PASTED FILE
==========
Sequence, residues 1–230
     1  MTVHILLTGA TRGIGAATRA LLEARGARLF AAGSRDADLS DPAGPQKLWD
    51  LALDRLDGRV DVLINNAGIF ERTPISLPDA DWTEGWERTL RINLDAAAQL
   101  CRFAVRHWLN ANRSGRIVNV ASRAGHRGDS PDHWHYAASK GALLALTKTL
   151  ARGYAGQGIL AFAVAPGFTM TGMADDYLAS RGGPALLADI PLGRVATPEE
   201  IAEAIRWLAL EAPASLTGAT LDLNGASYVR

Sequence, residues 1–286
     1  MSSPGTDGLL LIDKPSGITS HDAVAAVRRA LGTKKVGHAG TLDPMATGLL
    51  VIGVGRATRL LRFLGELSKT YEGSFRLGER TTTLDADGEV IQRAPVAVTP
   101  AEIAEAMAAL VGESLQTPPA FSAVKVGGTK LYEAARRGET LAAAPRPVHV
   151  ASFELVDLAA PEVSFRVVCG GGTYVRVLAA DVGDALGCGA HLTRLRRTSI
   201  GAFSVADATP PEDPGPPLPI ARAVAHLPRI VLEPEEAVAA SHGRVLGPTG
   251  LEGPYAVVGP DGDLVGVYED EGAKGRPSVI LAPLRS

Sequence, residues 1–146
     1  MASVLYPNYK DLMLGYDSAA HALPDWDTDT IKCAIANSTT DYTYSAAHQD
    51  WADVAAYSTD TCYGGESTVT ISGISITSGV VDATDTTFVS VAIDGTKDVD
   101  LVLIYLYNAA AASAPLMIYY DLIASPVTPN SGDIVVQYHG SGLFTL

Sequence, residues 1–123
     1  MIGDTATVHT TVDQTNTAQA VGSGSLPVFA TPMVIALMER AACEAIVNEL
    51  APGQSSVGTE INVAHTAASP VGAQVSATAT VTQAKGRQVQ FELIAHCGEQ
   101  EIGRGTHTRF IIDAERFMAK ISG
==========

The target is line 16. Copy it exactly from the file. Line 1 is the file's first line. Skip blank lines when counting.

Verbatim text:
    51  WADVAAYSTD TCYGGESTVT ISGISITSGV VDATDTTFVS VAIDGTKDVD